Integrity is defined as being honest, having strong moral principles, being whole and undivided. Integrity differs from loyalty in that loyal individuals pledge support or allegiance, regardless of being motivated by strong moral principles.
Within an ethical corporate ecosystem, the goal becomes attaining high levels of agreement based on shared assumptions (remember those?) about what is positively valued by an organization. In addition, shared agreement is reached about what is negative and devalued. In addition, these shared assumptions infer an equally high level of intensity, passion and engagement around showcasing those agreed-upon values.
Will rules-based compliance programs guarantee values-based employee and leadership integrity?
However, digital transformation of the workplace brings with it new selective pressures for survival of the fittest corporate culture. Enter federally-mandated safety, security and regulatory requirements. As a result, organizations become busy with their tangible artifacts: various compliance To-Do lists.
Consequently, corporate values and ethics become synonymous with assessing, measuring and auditing compliance to rules and regulations. Furthermore, preserving organizational “culture” dissolves into producing audited, assessed, measured and analyzed compliance reports. After all, these quantifiable, documented results demonstrate to stakeholders, stockholders and regulators that an organization, and its employees, follow stated rules.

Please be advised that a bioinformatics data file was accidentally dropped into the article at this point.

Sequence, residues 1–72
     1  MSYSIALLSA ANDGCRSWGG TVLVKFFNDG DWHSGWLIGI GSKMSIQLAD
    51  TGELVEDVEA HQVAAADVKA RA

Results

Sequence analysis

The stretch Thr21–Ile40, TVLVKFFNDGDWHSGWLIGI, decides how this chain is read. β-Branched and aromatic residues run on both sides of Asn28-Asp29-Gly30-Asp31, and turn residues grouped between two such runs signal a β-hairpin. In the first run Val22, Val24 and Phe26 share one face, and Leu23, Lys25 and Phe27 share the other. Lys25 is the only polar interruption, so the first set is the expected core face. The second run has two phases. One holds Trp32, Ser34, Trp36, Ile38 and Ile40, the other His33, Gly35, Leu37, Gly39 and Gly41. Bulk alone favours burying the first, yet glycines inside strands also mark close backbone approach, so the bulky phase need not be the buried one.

However, this trajectory evolves human resource professionals into compliance police. What is lost in translation is their potential role in co-creating human capital strategy leveraging an ethical corporate culture.
What happens when rules and regulations shape-shift in response to external pressures? When leadership and compliance personnel lack integrity, the organizational value system disintegrates. As a result, executing compliance and risk management strategy may not ensure the preservation of core ethical values and behaviors
At best, ethical human capital hiring strategy leverages critical thinking skills and workplace responsibility.
Perhaps a better strategy for curating ethical corporate culture leverages a human capital strategy emphasizing employee ownership of and responsibility to commitments and agreements. When this model is adopted, the target is hiring for critical thinking skills as well as functional skill sets. These core skills include the ability not only to discern right from wrong, but also involve providing cultural avenues to take action.
After all, creating an enduring, ethical corporate culture curates a set of commonly espoused, shared positive values and behavioral norms. These norms and values enhance employees’ own value sets. Otherwise, employees become disenchanted, unproductive and unengaged because they lose belief in organizational ethics. When that happens, you potentially create a sandbox for moral, ethical and possibly even spiritual compromise.